Most of it is taken up with the stories of high-profile cases, the details of which are engaging but mostly quickly forgotten. These are, however, used to illustrate a taxonomy of fraud and to explain some background: how credit and debt work, what limited liability means, basic accounting, the importance of incentives, and so forth. And there are some thoughts on the way fraud — and the potential for fraud — have shaped and continue to shape finance.
A "long firm" runs up credit and then defaults on it, which is often hard to distinguish from an ordinary business failure. Davies looks at online drug-dealing, the 1960s 'Salad Oil' scam, the 1970s OPM computer leasing scandal, and 1980s Medicare fraud. Reputation is critical here, and scams often involve abusing the trading reputation of reputable firms — and dumping the blame on a 'patsy' or 'front'.
Ponzi and pyramid schemes fail because growth is always constrained. Davies tells the stories of Ponzi himself, of the 'Pigeon King', of Bayou Capital and, going back to the 1870s, of the Boston Ladies' Deposit Company. Obfuscating accountants and crooked auditors are useful.
Davies looks at not just the obvious kind of counterfeiting (the Portuguese Banknote Affair), but at fake mining data (Bre-X), fake medical certifications and drugs, and abuse of the clinical trial process (Vioxx).
"Cooked books" can help to attract investment funds: the possibilities include fake sales and meaningless transactions, shifting revenues and costs in time, and fake assets and unreported debts. Auditors and analysts provide only weak protection.
"If you are able to corrupt the initial due diligence process and float a fake company, it is quite possible that it will survive, and continue to publish deceitful statements, for quite a while before it goes bust. And when the cash finally runs out and the company collapses, it will be significantly less likely for the initial fraud to be connected back to you."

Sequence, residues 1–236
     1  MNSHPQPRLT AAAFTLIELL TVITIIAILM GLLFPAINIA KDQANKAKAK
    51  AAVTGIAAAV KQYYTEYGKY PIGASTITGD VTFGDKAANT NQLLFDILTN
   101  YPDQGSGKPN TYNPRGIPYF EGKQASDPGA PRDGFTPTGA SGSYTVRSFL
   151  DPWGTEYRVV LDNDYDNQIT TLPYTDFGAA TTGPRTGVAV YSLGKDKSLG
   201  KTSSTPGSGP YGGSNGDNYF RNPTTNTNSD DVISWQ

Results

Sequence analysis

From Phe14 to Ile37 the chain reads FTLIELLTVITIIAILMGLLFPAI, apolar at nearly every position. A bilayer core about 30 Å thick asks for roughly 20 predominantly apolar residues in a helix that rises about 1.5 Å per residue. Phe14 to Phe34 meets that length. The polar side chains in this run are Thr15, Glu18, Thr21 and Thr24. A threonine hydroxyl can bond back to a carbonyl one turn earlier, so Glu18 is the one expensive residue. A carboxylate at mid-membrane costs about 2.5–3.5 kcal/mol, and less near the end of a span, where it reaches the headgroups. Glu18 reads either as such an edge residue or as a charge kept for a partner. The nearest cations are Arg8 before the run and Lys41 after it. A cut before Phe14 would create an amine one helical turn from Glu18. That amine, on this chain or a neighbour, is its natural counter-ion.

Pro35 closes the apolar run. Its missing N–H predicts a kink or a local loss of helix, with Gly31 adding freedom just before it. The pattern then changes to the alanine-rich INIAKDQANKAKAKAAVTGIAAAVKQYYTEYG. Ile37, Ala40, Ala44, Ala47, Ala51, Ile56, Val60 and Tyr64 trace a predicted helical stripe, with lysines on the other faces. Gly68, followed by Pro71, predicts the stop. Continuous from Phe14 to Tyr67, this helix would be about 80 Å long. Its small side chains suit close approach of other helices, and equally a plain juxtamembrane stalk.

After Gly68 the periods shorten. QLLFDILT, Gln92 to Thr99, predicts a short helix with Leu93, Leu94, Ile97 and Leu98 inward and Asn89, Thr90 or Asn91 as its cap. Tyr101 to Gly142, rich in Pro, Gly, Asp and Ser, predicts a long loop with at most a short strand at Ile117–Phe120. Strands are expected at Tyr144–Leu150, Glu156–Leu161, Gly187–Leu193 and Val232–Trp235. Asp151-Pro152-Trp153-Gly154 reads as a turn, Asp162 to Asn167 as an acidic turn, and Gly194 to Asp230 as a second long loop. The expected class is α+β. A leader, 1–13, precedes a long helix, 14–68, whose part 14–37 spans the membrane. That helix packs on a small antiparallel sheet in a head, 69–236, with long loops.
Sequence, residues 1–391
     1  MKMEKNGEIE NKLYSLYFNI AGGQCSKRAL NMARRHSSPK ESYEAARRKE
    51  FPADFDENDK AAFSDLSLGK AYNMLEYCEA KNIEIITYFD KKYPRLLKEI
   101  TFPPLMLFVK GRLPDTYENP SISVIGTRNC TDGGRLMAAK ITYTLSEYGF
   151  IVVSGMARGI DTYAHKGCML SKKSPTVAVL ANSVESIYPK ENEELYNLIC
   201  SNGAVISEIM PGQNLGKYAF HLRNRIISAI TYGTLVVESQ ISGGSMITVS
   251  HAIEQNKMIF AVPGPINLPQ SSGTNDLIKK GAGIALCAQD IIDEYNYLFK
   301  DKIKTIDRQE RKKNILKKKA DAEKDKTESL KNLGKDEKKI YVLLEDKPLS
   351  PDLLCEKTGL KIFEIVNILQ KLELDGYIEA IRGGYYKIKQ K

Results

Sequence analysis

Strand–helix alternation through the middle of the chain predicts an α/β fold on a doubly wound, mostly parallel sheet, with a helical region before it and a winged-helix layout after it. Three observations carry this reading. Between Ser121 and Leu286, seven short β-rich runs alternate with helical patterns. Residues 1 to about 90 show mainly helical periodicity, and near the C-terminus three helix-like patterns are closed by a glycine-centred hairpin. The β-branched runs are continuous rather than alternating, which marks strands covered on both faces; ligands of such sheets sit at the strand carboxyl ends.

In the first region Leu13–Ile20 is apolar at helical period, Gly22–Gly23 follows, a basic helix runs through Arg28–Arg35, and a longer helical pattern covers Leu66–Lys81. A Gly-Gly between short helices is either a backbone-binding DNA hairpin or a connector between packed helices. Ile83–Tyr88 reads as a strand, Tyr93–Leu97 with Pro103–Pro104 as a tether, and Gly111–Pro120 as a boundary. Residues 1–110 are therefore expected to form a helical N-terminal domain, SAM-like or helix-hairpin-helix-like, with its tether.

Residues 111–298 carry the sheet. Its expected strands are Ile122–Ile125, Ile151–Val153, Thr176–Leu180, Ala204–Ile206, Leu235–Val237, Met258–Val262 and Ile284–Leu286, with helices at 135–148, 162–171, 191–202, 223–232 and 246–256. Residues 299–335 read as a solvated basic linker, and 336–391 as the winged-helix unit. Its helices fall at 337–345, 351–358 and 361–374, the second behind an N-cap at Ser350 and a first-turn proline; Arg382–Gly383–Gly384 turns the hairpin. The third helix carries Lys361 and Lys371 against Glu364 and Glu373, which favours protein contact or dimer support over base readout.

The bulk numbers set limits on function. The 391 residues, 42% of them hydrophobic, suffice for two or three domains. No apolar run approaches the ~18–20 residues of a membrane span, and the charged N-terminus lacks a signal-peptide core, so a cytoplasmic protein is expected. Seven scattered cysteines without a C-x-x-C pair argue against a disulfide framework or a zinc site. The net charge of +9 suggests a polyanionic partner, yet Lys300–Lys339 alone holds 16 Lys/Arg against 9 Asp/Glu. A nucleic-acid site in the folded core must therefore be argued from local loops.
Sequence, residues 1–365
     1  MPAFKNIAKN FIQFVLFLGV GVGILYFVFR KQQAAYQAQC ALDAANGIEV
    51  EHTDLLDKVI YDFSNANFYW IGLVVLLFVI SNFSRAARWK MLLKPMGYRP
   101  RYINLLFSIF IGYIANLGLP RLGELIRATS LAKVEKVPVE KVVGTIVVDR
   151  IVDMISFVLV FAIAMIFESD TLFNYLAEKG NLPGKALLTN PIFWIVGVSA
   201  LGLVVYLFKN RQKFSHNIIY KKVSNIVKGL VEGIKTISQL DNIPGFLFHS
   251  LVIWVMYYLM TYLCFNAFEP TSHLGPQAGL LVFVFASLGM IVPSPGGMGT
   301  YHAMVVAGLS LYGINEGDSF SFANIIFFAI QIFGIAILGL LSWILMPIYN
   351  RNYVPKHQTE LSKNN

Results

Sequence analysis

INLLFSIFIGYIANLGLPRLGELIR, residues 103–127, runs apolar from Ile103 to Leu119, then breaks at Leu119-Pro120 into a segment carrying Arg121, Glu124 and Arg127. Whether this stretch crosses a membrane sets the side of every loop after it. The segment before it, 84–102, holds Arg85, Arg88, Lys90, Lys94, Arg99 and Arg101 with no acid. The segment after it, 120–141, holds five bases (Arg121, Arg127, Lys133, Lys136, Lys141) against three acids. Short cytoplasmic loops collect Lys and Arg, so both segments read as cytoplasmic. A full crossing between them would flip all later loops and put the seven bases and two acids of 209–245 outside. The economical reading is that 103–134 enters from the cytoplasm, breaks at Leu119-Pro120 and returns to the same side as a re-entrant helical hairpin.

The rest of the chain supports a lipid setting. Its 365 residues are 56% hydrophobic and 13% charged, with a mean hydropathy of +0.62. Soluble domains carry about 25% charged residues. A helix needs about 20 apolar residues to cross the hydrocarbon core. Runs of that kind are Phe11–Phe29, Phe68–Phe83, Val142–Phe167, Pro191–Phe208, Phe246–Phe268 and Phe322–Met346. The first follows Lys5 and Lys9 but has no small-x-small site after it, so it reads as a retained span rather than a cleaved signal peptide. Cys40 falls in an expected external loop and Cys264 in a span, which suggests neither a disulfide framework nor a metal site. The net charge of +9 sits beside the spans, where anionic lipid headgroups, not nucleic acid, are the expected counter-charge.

Davies considers a variety of "control frauds". Some involve uncontrolled risk-taking: a "Brazilian straddle" involves taking a lop-sided market position while buying a one-way plane ticket to somewhere that doesn't have an extradition treaty, but real examples include Nick Leeson's futures trading and the 1980s Savings and Loans scandals. And in the "distributed control fraud" that was PPI mis-selling, banks created a "criminogenic" system of incentives for their employees.
Examples of market crimes considered include cartels, regulatory evasion (toxic waste dumping), and manipulation of share trading (Piggy Wiggly). And there are many ways of defrauding the government; Davies looks at "carousel" and VAT fraud. And he throws in some fun historical examples of fraud: from the Bible and the Icelandic sagas, and some nineteenth century long firm examples.
Turning to broader economics and using a bit more abstraction, Davies looks at some of the ways fraud is connected to incentives, information management, complexity, risk, and quality control.
Summing up, he suggests that fraud rests on a triangle of need, opportunity, and "rationalisation" (a way of describing the crime to make it less emotionally repellent). And he proposes a Golden Rule:
"Anything which is growing unusually quickly needs to be checked out, and it needs to be checked out in a way that it hasn't been checked before".
But there are costs to eliminating dishonesty.
"Perhaps the best that we can do is to accept that fraud is an inevitable part of society, bring up our children to be honest, and adopt a sceptical — but not too cynical — attitude to things that seem too good to be true."
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